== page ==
JpGU-AGU Joint Meeting 2017

Presentation information

[EJ] Poster

B (Biogeosciences) » B-CG Complex & General

[B-CG09] [EJ] Phanerozoic biodiversity change: Extinction and diversification

Tue. May 23, 2017 3:30 PM - 5:00 PM Poster Hall (International Exhibition Hall HALL7)

convener:Yukio Isozaki(Department of Earth Science and Astronomy, Multi-disciplinary Sciences - General Systems Studies, Graduate School of Arts and Sciences, The University of Tokyo), Yusuke Sawaki(The University of Tokyo)

[BCG09-P05] Stable and radiogenic strontium isotope variation (δ88Sr, 87Sr/86Sr) in Middle-Upper Permian mid-oceanic paleo-atoll carbonates

*Tomomi Kani1, Yukio Isozaki2, Keiji Misawa3, Shigekazu Yoneda4 (1.Division of Natural Science, Kumamoto University, 2.The University of Tokyo, 3.National Institute of Polar Research, 4.National Museum of Nature and Science)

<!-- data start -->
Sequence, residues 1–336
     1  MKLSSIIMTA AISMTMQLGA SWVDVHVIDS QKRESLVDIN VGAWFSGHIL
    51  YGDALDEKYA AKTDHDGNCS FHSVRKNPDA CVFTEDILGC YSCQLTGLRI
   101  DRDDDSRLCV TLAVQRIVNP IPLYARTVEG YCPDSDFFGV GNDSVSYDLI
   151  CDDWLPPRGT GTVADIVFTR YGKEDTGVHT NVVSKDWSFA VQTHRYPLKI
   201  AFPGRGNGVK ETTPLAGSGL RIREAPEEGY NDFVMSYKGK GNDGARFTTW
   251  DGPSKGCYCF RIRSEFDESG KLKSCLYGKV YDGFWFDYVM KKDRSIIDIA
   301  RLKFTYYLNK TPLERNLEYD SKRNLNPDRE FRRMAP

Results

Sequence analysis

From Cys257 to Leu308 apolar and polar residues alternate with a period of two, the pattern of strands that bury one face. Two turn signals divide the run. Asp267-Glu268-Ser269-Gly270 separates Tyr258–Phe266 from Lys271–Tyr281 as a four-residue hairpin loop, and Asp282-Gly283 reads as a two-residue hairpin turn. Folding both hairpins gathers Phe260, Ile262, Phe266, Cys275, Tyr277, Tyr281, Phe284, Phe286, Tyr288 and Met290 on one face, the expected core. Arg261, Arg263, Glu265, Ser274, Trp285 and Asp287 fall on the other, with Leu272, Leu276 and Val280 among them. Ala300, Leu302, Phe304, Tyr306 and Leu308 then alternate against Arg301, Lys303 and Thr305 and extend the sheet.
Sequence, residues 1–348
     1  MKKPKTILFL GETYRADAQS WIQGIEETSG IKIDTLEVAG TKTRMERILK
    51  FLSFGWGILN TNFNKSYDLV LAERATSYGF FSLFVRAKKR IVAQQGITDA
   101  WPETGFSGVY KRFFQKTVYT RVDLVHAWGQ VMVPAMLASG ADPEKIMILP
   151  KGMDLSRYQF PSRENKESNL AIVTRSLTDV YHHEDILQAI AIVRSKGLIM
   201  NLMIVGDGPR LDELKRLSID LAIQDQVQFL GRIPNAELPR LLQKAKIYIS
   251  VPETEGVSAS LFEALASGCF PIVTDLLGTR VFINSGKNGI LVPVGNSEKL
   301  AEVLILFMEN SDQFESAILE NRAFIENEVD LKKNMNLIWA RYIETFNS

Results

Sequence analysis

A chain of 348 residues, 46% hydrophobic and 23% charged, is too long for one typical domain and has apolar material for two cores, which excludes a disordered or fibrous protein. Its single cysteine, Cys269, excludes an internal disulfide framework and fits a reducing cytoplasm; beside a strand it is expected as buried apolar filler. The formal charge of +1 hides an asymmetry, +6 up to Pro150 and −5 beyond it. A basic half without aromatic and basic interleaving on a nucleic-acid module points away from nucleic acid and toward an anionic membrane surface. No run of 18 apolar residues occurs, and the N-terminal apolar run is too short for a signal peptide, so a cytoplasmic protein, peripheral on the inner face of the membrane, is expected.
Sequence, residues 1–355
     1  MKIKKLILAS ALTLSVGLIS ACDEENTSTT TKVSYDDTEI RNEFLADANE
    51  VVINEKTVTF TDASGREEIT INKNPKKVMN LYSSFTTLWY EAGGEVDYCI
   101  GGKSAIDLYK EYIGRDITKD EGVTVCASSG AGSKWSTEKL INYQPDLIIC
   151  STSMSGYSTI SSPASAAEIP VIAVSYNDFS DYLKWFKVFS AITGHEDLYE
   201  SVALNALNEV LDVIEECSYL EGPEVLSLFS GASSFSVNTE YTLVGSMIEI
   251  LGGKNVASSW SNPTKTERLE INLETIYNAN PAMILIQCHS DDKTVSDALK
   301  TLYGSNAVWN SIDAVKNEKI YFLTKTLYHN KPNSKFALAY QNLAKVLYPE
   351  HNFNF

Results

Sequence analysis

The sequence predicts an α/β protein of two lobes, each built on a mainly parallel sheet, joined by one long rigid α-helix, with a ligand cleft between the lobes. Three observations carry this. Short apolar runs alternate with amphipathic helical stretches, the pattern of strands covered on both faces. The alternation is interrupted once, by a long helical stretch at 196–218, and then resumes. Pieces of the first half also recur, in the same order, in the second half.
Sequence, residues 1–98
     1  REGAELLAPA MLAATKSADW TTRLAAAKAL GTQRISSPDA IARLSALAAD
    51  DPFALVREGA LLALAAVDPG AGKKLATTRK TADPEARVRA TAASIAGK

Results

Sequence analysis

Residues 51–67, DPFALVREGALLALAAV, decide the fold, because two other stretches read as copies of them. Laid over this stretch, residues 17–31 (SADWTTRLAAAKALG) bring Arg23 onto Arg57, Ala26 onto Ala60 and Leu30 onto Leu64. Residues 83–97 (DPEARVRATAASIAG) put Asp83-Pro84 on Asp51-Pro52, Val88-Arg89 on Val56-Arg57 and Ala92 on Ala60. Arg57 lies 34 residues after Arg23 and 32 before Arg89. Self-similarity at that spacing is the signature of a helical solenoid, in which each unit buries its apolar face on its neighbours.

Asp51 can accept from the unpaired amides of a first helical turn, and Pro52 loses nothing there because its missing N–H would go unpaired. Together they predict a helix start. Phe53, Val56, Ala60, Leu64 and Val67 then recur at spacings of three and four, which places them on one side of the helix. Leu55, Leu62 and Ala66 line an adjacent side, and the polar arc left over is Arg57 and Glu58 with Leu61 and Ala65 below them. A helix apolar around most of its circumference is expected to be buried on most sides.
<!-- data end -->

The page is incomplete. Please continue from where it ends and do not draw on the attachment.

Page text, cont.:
Keywords:Sr isotope, Permian, carbonate

Stable strontium isotope ratios (δ88Sr) of the Capitanian (late Guadalupian) to Wuchiapingian (early Lopingian) carbonates were measured by TIMS, by correcting isotope fractionation during mass spectrometry with 87Sr-84Sr double spike. The studied carbonate section at Akasaka (Japan) in the Jurassic accretionary complex was originally deposited on a mid-Panthalassan paleo-seamount, which recorded a unique interval with extremely low 87Sr/86Sr values (the Permian minimum for ca. 5 m.y. throughout the entire Capitanian). We also analyzed the Wuchiapingian section at Lianshan in S. China, which was deposited on the shallow shelf. Both in δ88Sr and radiogenic 87Sr/86Sr ratios, low values remained throughout the Guadalupian, whereas they increased rapidly in the Wujiapingian. The newly obtained δ88Sr profile of Middle-Late Permian seawater positively correlated with that of 87Sr/86Sr ratio. As seawater δ88Sr could sensitively reflect marine carbonate flux at the ocean floor, this correlation suggests that the valance between the Sr carbonate burial flux and Sr carbonate dissolution flux has changed sharply across the Guadalupian-Lopingian boundary. The Capitanian minimum and the following rapid increase in seawater 87Sr/86Sr likely reflected a major change in continental flux, probably reflecting the rapid deglaciation together with enhanced erosion/weathering of continental crusts on a global scale.